It is the responsibility of the taxpayer to know what part of their mortgage debt is deductible. The challenge becomes more difficult after a cash-out refinance. Homeowners should keep records of all financing and capital improvements and consult with their tax professional.

The key here is to consult with your Denver tax adviser BEFORE a re-finance to find out the effects on your tax return. Most good loan officers will be able to answer the question, but a tax adviser is best. To find either a tax adviser or a loan officer CONTACT US TODAY.

CALL 480-355-8645 or EMAIL Gina@LocateArizonaHomes.com

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Are you overlooking your Recordkeeping?

There is great opportunity for  Home owners! Especially with the appreciation we have experienced over the last 5 years. When the tax laws changed last year I know I was excited that this part of the law did not change and that means we can keep our equity, tax free. Then you must ask, what is the cost of waiting? So as we have had  appreciation for 3 years that means your property is worth more today, and that may be tax free for a principle residence.   But read on about the tax law…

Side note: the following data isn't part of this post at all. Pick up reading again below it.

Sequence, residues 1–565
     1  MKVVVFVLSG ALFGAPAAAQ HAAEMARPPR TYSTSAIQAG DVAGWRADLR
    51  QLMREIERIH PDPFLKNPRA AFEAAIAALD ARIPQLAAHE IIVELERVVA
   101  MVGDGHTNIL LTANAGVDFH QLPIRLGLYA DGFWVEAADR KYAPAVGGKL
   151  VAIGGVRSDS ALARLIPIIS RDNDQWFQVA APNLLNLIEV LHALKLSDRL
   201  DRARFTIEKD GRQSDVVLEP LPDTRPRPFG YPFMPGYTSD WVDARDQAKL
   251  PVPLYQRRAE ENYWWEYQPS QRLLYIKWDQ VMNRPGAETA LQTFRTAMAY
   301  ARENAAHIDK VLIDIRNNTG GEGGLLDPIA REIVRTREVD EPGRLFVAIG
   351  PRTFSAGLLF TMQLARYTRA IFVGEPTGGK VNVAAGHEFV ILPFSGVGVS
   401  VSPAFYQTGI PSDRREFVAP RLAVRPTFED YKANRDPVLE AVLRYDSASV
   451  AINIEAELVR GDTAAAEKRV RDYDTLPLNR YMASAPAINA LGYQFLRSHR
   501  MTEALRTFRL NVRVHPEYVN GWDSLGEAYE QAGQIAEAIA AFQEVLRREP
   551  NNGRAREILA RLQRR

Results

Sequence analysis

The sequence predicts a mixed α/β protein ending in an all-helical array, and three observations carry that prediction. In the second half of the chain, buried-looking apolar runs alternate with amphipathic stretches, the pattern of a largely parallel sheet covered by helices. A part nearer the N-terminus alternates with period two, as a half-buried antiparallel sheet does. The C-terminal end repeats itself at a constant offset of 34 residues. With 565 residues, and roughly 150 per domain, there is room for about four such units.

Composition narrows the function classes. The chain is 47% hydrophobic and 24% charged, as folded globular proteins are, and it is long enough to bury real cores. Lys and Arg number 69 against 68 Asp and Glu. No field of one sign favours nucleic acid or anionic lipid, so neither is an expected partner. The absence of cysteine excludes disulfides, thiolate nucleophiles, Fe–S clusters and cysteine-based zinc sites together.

Homeowners are familiar that they can deduct the interest and property taxes from their income tax returns. They also understand that there is a substantial capital gains exclusion for qualified sales of up to $250,000 if single and $500,000 for married filing jointly. However, ongoing record keeping tends to be overlooked.

New homeowners should get in the habit of keeping all receipts and paperwork for any improvements or repairs to the home. Existing homeowners need to be reminded as well, in case they have become lax in doing so.

These expenditures won’t necessarily benefit in the annual tax filing but may become valuable when it is time to sell the home because it raises the basis or cost of the home.